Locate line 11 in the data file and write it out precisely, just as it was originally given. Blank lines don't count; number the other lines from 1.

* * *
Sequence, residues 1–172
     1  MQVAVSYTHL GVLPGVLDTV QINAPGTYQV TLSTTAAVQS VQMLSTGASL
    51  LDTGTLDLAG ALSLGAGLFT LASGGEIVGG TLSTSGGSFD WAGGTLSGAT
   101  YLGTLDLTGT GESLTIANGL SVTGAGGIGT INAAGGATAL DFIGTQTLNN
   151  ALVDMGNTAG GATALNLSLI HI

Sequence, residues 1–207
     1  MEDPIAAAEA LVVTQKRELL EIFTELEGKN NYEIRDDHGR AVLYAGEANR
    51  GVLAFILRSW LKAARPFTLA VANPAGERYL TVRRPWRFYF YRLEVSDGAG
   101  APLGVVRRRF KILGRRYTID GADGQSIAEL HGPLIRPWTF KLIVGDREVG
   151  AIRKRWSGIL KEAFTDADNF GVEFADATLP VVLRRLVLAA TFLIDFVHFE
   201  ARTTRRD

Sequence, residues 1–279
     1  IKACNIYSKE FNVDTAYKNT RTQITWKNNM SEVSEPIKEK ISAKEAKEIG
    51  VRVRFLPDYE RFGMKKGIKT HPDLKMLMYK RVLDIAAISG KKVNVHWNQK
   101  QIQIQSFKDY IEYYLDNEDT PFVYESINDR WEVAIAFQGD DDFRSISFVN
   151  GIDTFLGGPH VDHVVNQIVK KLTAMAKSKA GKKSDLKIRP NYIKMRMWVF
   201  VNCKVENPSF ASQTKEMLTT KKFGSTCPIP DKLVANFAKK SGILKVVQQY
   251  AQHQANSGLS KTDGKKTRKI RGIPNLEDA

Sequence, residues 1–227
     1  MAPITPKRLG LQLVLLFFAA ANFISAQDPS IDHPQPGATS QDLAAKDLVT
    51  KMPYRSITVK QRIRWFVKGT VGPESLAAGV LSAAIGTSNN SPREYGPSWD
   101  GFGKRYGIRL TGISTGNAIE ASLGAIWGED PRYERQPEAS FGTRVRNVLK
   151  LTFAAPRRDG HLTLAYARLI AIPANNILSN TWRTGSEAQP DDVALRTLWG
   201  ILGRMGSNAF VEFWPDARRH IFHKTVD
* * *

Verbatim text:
   201  ARTTRRD